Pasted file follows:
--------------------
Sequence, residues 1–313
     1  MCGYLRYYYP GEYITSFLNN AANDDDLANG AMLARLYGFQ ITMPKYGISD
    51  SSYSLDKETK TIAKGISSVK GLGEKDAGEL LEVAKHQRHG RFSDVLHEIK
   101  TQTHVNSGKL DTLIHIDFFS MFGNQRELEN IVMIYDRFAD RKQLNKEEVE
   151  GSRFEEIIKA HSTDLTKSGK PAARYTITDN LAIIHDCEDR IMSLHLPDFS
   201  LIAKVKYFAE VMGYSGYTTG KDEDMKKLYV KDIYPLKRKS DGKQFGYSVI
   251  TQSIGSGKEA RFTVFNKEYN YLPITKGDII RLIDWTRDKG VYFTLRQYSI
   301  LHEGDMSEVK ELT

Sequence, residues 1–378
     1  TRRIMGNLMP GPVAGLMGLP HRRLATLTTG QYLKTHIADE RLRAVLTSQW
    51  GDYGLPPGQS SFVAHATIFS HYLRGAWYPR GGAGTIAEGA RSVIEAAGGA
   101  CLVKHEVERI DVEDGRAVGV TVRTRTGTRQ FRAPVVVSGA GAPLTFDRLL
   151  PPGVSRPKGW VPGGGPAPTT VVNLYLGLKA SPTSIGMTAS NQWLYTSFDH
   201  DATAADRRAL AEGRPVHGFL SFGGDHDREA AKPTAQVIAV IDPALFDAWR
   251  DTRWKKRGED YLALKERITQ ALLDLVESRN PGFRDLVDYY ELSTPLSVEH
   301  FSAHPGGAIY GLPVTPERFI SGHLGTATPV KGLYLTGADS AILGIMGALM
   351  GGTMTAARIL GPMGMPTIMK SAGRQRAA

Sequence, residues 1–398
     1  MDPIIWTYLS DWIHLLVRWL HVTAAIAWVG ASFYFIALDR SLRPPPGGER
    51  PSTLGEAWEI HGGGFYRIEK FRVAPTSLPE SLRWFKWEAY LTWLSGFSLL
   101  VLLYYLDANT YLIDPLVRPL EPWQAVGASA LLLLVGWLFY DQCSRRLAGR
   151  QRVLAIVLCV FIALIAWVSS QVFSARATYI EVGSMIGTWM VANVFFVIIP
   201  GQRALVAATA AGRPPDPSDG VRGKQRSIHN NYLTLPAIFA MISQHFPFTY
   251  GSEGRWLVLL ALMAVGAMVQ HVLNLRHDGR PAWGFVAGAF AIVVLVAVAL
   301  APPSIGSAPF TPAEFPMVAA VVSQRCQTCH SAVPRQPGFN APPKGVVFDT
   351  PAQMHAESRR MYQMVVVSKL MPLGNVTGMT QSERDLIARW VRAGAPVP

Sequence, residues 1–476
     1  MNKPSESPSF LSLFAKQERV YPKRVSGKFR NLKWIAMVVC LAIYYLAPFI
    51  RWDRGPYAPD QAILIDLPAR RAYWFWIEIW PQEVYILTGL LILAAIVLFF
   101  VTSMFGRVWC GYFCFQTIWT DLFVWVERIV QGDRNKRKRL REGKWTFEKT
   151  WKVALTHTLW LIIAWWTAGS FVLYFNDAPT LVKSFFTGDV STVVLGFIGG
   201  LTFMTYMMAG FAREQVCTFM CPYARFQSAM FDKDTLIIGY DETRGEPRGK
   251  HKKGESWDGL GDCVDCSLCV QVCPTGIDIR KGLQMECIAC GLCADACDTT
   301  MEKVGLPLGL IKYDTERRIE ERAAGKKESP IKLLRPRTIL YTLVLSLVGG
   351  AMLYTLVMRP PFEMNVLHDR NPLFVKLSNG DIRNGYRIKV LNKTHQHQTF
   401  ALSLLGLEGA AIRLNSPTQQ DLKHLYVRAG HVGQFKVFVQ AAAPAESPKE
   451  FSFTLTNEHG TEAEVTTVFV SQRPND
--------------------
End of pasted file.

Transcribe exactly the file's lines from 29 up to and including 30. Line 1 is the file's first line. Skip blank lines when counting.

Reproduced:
    51  RWDRGPYAPD QAILIDLPAR RAYWFWIEIW PQEVYILTGL LILAAIVLFF
   101  VTSMFGRVWC GYFCFQTIWT DLFVWVERIV QGDRNKRKRL REGKWTFEKT